Bob Wetzsteon is a fifth-generation rancher on his family’s homestead on the East Fork of the Bitterroot River. Bob sees the trails that grow deeper as wildlife parallel fences too tall for them to jump. He also doesn’t like to see old fences left on public or private land that no longer serve a purpose. Who is left with the burden of removing old fence? Bob was eager to have volunteers remove the fence, and MDF along with partners were eager to step up to the plate. Landowners like Bob Wetzsteon are true stewards of both their privately owned lands and on the public lands they lease. Bob Wetzsteon has deep ties to the land and the wildlife, which makes a difference for his property and his community. You will often hear Bob say, “They were here first” when he explains why he supports wildlife projects on his working cattle ranch. Bob is humble about his commitment to the land, but his impact is obvious when you see herds of bighorn sheep crossing the ranch or hear elk barking at you when you sit in the old homestead yard. You may find Bob serving as a member on a school board, driving the volunteer fire truck, or running a backhoe to help with a willow restoration project. The love of the valley runs in the Wetzsteon family, and the neighboring Wetzsteon ranch was even put into a conservation easement, securing the benefit to both a ranching way of life and keeping the landscape intact for wildlife and the community.
Fence modification projects like these happen because people care, and this would not have been possible without the landowner’s support and his appreciation of wildlife values. Also essential to the success of wildlife projects is the generous support of MDF, partner organizations, and volunteers. Sapphire Range Chapter member Sean Ashby endured the hot days and wrestling with miles of barbed-wire fence, but always with a smile on his face. When asked why he volunteers for MDF, he responded quickly,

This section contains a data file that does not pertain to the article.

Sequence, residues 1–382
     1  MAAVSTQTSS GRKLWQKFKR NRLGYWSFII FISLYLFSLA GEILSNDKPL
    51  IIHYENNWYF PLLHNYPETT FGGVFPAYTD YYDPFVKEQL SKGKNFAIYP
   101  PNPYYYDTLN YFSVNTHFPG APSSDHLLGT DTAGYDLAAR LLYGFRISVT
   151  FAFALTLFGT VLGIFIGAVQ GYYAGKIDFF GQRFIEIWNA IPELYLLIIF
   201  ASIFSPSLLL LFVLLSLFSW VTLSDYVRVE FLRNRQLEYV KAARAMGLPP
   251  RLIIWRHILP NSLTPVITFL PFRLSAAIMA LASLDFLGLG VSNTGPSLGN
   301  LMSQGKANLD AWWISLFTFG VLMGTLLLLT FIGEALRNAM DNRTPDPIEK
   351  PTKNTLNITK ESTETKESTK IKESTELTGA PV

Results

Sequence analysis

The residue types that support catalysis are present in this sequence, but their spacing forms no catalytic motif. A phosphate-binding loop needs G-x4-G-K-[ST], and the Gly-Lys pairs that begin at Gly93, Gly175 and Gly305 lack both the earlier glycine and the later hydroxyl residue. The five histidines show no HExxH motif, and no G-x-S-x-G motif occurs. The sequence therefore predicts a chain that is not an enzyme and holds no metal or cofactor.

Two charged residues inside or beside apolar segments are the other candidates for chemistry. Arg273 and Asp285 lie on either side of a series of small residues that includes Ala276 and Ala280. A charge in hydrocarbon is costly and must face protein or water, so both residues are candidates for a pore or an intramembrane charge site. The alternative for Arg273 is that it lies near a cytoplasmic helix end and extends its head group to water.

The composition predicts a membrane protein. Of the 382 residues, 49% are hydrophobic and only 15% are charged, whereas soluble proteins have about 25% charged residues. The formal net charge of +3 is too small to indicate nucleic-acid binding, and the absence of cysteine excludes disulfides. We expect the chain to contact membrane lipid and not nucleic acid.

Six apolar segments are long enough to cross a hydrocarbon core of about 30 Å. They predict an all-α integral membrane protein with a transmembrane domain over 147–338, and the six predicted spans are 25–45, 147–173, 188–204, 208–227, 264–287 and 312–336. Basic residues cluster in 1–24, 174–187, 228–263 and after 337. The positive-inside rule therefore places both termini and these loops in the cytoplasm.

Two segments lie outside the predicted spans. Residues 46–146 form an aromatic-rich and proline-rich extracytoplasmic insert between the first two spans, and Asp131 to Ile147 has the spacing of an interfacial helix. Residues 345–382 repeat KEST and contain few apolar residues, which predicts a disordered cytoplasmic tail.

“Getting outside and doing projects like this is what it’s all about. Projects like this make huge long-term benefits for wildlife.”
– Sapphire Range Chapter member Sean Ashby
MDF and partners are continuing to remove barriers for migratory big game. Examples of other projects in the works are eight miles of woven wire fence modification in Central Idaho just outside of Leadore, ID. This location has mule deer, elk, moose, and pronghorn that migrate long distances between Idaho and Montana. This same area also has some of the highest fence densities in the northwest U.S. The National Wildlife Federation is also working on projects on the other side of the hill with efforts focused in Southwest Montana—again completing habitat projects for the entire range of these herds that migrate between Idaho and Montana
Jessie is a home-grown Idahoan, who grew up working on her family’s potato farm (“Spud” farm if you are from Idaho). Plant and animal management eventually led to Jessie’s passion for wildlife management, which started at an early age raising cattle, pheasants, horses, chickens, sheep, and pigs. You will find Jessie outside as much as possible, from hunting in Idaho’s backcountry to driving tractors or running chainsaws on habitat projects. Jessie has a 17 year background in habitat work and mule deer & elk management and research. She worked 16 years for Idaho Department of Fish and Game as a research technician and wildlife habitat biologist. Her position with MDF allows leveraging funds and bringing people together to coordinate landscape-level projects in identified critical habitats for mule deer.